Danielle Farrant - Familial Multiples

"I felt out of control, like my mind was not doing what it was supposed to."

Unlike many people who struggle with the confusing and often bizarre symptoms of this condition for years before a diagnosis, I knew what my diagnosis would be almost as soon as symptoms appeared.

It was February. I had a cough, felt sick, dizzy and had a bad headache. I was sleeping poorly because I was coughing so much and had increasing discomfort on one side of my body... eventually I got up, hoping to shake the feeling. When that didn't work, I woke my husband up and said I thought I was having a stroke. I was split completely down the middle – my left side felt “asleep” and numb (although I could feel touch). Half of my scalp was tingling and my left leg was dropping a little when I walked and felt full of lead. My left eye felt a little droopy and so did the left side of my mouth. I couldn't lift both sides of my mouth evenly. We went to the ER, and in spite of informing the doctor of my family history, was sent home to rest my “pinched nerve.” The ER doctor was a bit uneasy with his assessment (given my family history), so told us to come back on his next shift should the symptoms persist. We came back in the following afternoon and the same doctor saw me and ordered a CT. That got his attention. The CT scan revealed the source of my troubles – a bleeding area on my brain stem.

I was dismayed, but not surprised. My family has Multiple Familial Cavernous Hemangiomas. I had watched my Dad and Aunt struggle with various issues (paralysis, migraines, constant fatigue, numbness etc) for many years. I had also heard about the struggles my two younger cousins were having. I knew there was a chance I could have inherited the condition.

I was sent promptly to Victoria General Hospital where I received a battery of tests including an MRI. At that point I had three readily apparent cavernomas. The active one was the largest (10X15mm) and located on the pons. A “gradient echo” MRI showed four additional cavernomas for a grand total of seven. It was an emotional time for me. I was extremely tired and cried and slept a lot. My son was only 19 months, and it was hard to be away from him. It was also hard for me to receive the diagnosis. I know that absolutely no one is promised long life and health for the duration of it – but it was still difficult to receive news that confirmed that fact.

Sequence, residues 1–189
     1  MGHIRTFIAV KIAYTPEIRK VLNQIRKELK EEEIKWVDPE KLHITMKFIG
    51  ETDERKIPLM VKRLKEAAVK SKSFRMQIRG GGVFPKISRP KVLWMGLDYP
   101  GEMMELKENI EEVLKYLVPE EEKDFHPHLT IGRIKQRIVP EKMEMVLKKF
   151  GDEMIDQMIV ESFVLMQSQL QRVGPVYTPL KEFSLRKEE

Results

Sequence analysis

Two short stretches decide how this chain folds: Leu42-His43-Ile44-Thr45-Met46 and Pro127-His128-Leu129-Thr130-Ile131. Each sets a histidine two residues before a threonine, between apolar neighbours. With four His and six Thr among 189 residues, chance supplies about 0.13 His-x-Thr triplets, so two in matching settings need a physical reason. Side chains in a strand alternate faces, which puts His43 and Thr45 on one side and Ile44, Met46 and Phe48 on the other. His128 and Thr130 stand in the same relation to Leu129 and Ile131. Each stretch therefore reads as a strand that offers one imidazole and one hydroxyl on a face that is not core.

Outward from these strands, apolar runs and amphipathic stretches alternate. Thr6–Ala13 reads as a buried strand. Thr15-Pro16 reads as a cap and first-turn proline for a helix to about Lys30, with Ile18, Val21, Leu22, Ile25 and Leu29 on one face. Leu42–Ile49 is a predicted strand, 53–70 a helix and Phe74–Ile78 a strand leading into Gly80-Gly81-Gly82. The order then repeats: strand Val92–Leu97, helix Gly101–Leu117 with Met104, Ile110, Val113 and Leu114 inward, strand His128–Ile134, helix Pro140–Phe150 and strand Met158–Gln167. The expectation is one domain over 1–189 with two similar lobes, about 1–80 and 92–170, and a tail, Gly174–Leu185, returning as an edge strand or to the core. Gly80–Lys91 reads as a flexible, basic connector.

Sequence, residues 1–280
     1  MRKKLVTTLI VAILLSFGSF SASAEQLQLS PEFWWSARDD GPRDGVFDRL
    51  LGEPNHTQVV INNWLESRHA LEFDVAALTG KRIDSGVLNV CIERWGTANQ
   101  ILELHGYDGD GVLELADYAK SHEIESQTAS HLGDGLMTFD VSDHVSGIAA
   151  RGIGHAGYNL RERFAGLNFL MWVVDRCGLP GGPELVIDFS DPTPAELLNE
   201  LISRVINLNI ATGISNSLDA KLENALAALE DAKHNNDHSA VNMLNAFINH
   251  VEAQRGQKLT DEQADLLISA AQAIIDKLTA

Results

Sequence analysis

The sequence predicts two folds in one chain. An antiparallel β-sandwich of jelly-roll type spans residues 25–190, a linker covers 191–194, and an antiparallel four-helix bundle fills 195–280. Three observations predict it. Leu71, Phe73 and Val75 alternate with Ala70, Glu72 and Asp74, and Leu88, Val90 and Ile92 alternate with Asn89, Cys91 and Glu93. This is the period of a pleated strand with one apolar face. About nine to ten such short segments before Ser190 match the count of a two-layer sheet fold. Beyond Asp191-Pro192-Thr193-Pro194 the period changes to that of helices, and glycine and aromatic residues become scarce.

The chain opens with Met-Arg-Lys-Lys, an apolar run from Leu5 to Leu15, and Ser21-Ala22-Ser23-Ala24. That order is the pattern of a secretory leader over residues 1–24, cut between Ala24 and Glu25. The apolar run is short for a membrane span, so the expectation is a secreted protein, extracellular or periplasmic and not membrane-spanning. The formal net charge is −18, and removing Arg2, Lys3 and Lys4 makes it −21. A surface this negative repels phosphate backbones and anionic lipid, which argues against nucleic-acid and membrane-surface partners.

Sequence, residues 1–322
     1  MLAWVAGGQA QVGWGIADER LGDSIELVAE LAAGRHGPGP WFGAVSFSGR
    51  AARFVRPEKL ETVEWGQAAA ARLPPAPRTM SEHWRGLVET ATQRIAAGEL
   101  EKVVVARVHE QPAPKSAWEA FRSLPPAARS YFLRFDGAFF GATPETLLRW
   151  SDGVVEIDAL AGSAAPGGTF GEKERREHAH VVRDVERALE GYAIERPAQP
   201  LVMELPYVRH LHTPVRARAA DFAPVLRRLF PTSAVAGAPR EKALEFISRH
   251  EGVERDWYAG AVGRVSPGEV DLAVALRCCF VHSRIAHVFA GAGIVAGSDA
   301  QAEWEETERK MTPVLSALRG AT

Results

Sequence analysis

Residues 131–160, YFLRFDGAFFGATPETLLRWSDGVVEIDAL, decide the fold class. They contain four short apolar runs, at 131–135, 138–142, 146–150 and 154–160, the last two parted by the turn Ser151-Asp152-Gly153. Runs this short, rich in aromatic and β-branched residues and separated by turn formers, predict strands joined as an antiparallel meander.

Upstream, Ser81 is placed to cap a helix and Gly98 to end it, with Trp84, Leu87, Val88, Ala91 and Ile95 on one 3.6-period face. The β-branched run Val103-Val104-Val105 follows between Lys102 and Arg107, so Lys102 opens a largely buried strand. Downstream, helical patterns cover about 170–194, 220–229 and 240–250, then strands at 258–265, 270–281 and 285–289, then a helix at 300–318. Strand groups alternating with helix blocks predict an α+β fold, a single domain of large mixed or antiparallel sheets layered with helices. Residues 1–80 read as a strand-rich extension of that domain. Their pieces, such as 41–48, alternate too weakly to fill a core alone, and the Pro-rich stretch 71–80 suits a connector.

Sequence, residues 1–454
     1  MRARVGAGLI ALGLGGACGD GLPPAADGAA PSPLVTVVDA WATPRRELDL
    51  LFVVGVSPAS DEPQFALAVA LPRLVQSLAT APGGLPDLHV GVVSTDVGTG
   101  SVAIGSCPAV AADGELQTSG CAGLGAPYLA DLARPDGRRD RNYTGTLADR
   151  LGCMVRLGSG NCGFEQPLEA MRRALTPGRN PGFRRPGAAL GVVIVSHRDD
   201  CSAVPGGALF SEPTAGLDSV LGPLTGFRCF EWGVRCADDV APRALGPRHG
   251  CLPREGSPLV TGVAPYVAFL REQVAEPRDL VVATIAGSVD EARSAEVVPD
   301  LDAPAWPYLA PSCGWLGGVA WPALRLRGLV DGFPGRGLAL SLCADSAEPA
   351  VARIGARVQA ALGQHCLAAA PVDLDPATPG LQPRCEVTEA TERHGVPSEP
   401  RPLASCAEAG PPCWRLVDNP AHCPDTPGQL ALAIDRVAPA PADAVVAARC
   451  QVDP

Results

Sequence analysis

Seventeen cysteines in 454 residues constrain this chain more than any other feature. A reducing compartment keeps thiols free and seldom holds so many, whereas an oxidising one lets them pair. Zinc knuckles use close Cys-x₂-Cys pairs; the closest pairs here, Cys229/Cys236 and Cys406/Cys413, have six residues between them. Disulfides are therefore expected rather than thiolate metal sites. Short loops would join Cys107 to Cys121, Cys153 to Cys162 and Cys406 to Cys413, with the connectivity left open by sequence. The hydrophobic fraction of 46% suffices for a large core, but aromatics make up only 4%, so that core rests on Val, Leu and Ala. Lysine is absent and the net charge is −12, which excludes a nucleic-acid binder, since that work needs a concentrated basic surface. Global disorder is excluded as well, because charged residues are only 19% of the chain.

About a month after my diagnosis, I wrote about the additional symptoms I was experiencing. Many were difficult to explain and without tangible evidence. I felt out of control, like my mind was not doing what it was supposed to. I was getting headaches, thankfully not severe (as compared to my other family members). Tasks that were simple previously now required full concentration. Exhaustion was my constant companion and I was easily overwhelmed. I experienced “blank outs” (which my neurologist informed me were likely mini seizures). When I grew tired (which happened easily) all my symptoms would become exaggerated and I would start to slur my words. Loud noises and commotion were very difficult to handle (something a mom with young kids has to deal with all day long every day!)

Gradually I recovered. It has been 4 years since my first episode and I have been very fortunate not to have had another. Shortly after my diagnosis I found out I was expecting again. I got through the pregnancy and birth without any dramatic side effects. I still get headaches, tire more easily than I should and a high level of exhaustion will bring back some of the numbness. Otherwise, I am symptom free.

When I think of my condition and what it could mean for my future, it is a good reminder of the uncertainty of life. It helps me to be thankful for the good days and to cherish my health. I am thankful that I am able to ride my bike and play soccer with my kids. I can ride my horse or go running and still have energy to keep up with my other daily tasks. I know there will be times when my energy levels or physical mobility will not afford me these luxuries, so I do not take it for granted.